Asia-Pacific to play greater role in leading the world: PECC chief

16:13, November 09, 2010      

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The Asia-Pacific region will play a greater role in leading the world, said Charles Morrison, co-chair of Pacific Economic Cooperation Council (PECC) in an exclusive interview with Xinhua during the APEC Leaders' Week meetings .

"We are in an uncertain period of world history. And Asia and the Asia-Pacific region will be leading the world more," said Morrison, expressing hope that Asia-Pacific economies will "have solidarity and show leadership not just for our own region but for the world as a whole."

"I hope the summit will demonstrate the solidarity of economies in the Asia-Pacific region, their willingness to work with each other to get along with developing positive solutions to problems, and they take policies that the Asia-Pacofic region need, " he added.

On the future direction of APEC members' economic growth, Morrison said that on the one hand, APEC member economies need to give more heed to balanced and inclusive growth; on the other, they should make more efforts to be more efficient in their use of energy and put less carbon and green house gases into the atmosphere so as to achieve sustainable growth.

In 1994, the Economic Leaders' Meeting in Bogor, Indonesia, adopted the Bogor Declaration which included the Bogor Goals. The goals pledged APEC's intent to achieve free and open trade and investment by 2010 for industrialized economies, and 2020 for developing economies.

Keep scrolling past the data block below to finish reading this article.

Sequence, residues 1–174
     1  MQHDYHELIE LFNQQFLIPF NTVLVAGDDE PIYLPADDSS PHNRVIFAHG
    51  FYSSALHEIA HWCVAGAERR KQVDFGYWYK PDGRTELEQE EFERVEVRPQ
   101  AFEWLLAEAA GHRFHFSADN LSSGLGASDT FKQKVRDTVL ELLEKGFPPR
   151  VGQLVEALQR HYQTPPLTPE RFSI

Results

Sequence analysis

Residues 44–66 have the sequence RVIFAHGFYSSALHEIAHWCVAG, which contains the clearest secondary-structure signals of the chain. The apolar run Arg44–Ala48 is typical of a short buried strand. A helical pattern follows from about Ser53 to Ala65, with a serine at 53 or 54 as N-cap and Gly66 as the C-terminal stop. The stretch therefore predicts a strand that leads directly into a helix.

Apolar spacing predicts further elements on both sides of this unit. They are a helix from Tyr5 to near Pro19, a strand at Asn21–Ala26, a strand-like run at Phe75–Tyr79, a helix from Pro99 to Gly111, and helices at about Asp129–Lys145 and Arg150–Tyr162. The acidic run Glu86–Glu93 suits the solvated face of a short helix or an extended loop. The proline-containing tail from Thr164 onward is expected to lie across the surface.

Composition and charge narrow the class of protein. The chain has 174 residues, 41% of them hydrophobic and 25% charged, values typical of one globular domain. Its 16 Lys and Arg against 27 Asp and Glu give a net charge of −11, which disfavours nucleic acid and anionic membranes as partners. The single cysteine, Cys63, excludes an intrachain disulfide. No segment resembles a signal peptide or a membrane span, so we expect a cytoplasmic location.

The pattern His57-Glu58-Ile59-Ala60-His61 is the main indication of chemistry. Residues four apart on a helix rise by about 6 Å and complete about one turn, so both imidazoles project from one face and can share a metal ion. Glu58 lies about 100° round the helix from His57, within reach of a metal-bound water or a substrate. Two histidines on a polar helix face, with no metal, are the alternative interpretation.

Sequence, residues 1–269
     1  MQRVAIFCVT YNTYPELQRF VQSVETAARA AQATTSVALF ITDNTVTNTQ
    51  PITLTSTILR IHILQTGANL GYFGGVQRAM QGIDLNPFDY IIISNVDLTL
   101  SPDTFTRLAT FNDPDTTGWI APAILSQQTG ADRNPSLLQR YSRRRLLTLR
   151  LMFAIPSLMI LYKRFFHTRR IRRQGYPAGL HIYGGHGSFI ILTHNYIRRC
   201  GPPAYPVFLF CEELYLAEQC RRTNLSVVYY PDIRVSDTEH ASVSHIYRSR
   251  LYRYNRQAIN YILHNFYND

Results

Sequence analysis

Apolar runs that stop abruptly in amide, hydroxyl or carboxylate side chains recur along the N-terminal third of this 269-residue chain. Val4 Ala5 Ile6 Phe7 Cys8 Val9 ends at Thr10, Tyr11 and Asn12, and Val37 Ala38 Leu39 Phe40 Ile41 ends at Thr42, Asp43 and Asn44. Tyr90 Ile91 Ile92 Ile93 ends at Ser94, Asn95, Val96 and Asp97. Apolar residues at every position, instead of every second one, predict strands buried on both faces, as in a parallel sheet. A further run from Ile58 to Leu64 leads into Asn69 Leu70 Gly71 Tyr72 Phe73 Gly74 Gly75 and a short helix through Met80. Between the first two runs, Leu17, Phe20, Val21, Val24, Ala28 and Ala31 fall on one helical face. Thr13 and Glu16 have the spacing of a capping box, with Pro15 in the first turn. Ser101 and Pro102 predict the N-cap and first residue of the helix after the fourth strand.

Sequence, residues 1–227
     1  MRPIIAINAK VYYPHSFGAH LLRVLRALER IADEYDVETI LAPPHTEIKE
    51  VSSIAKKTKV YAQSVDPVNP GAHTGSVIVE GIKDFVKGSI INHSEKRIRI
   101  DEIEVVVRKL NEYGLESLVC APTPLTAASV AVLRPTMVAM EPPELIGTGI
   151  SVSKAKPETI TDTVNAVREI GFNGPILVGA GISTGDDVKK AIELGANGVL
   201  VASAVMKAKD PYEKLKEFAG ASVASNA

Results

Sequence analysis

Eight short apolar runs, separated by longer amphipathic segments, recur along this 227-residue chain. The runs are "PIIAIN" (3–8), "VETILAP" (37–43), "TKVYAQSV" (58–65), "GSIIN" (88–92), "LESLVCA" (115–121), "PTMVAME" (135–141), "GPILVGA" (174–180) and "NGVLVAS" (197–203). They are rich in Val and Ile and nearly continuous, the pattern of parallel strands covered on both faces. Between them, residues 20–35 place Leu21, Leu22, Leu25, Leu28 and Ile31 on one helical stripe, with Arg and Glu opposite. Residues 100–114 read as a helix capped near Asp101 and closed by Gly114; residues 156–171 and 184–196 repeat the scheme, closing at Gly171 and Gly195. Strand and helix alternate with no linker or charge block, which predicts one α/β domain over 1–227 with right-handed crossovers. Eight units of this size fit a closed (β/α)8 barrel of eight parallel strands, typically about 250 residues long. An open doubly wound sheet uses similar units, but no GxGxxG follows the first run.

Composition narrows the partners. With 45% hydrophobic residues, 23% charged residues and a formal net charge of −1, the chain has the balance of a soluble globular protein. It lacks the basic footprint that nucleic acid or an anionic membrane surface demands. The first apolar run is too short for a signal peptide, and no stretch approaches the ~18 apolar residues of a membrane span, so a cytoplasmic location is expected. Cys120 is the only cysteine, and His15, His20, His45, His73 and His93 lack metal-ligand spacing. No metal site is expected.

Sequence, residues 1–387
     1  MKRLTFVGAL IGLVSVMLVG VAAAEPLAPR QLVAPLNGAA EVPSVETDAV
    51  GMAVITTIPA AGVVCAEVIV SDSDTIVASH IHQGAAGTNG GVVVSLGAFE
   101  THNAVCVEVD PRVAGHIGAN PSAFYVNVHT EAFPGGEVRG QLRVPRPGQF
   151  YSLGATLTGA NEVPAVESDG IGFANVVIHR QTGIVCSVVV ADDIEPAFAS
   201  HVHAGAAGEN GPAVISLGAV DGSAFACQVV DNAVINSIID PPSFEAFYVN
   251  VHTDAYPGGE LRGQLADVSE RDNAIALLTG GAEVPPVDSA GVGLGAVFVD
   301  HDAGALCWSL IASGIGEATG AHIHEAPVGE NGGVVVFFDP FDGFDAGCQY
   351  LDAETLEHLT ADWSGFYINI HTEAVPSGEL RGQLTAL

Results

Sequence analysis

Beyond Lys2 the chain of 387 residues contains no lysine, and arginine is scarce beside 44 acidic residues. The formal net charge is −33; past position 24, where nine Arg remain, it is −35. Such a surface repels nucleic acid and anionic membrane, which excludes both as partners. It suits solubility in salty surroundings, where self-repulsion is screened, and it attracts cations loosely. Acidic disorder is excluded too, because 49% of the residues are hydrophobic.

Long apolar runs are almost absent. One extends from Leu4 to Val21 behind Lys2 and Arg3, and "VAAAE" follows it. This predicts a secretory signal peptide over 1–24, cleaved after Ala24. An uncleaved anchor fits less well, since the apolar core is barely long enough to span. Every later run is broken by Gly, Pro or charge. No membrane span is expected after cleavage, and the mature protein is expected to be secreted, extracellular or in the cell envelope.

During the ongoing APEC Leaders' Week meeting, there will be an assessment of how far the member economies have gone in achieving the Bogor Goals. Morrison said that they have made substantial progress in achieving the goals, but "we got a long way and we still have work. "

"Of course, the countries that need come to that goal in 2020, they also have a lot of work to do," he said.

The PECC chief noted the region's economies vary in their paces to achieve economic recovery, showing a trend to polarization.

Economies like China, Vietnam and Singapore have maintained strong growth, while some others are not doing so well, he said. The imbalance is likely to give rise to protectionism.

"We have not seen a great rise in protectionism, but we have seen a rise in protectionist pressures," he said, adding that it is important for APEC member economies to make their respective efforts to curb protectionist actions.
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